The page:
Graham’s Defensive Stock Criteria:
1. Graham wanted companies that were not too small for the defensive type person and suggested companies that had not less than $100 million of annual sales ($50 million for a public utility). Today, that number would probably best be translated to at least $300 million in today’s dollars.
2. A current ratio of at least 2-1. The current ratio is the ratio produced by taking current assets and dividing them by current liabilities.
3. Long–term debt should be equal to or less than net current assets or basically, long-term debt less than working capital.
4. Earnings stability, meaning that there should be positive earnings for each of the last 10 consecutive years.
5. Twenty years of dividend payment. This becomes more difficult today because of the vast number of companies reinvesting large portions of their earnings back into the company. Today we would be happy to find companies with a dividend history of 7-10 years.
6. Earnings growth of approximately 30-33% over a 10-year period or approximately 3% per year. If you read carefully, Graham did not take the first and last year to discover his average. He would take the first three years and get an average, the last three years and get an average and then base his 10-year earnings growth on those two numbers. I will be using five-year rates.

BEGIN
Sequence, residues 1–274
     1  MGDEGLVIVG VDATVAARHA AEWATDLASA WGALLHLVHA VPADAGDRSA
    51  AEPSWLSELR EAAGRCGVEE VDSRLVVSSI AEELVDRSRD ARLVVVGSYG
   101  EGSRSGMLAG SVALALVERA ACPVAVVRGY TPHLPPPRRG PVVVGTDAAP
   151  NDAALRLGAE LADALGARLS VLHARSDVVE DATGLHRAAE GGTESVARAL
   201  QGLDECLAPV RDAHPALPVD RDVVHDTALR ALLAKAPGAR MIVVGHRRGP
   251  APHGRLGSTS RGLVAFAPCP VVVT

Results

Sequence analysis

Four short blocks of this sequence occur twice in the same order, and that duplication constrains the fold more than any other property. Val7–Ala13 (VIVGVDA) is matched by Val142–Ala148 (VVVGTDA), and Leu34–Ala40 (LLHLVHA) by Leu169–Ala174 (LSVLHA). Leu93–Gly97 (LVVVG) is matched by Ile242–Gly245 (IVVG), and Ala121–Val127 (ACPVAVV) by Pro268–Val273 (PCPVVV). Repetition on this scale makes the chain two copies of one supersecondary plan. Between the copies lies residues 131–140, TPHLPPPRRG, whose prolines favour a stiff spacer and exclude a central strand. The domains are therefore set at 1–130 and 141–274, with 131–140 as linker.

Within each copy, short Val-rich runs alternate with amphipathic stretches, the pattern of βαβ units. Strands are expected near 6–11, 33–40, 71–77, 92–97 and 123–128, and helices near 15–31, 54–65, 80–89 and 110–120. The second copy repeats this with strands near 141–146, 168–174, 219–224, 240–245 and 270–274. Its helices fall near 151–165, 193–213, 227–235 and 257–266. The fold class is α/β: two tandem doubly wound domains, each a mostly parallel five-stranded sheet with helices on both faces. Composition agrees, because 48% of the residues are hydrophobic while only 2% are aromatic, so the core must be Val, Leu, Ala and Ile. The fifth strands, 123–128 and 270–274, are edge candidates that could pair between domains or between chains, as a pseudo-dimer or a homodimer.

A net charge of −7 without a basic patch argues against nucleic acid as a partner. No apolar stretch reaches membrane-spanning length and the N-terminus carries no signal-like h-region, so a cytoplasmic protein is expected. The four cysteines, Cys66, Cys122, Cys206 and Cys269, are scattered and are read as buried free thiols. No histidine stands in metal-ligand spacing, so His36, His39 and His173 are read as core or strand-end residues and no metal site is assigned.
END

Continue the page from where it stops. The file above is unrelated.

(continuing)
7. The price/earnings ratio should not be more than 15 over the past three years.
8. Finally, he suggested that the price to book value not exceed 1.5; however, he allowed for a slight alteration if multiplying the P/B times the P/E did not produce a product greater than 22.5. Therefore, as an example; this would allow a p/b of 2 and a P/E of 9, resulting in a slightly higher P/B, but allowed under this method.
Regal-Beloit (NYSE:RBC) currently meets all of these criteria. Regal-Beloit is one of the world’s largest industrial and commercial electric motors and generators and is currently in the portfolio’s of the following investing gurus:
1. Market Cap is $ 1,931 million
2. Current ratio of 2.5
3. LTD is less than working capital
4. 10 years of positive earnings with growth
5. Dividends continuous for 10 years with an average of 4.5% yearly growth
6. Cumulative earnings greater than 150% over the last 10 years and 11% over the last 5 years.
7. P/E is 12.2
8. With a P/B of 1.3, (1.3 x 12.2 = 15.86), meets Graham’s final criteria
Add to these following qualities and you have a stock worthy of more investigation.
· Increasing net profit margins
· Steadily rising book value
· Decreasing debt to equity over the last several years
· P/S of 0.9
· GuruFocus predictability rating of 3.5
· Positive free cash flow over 10 years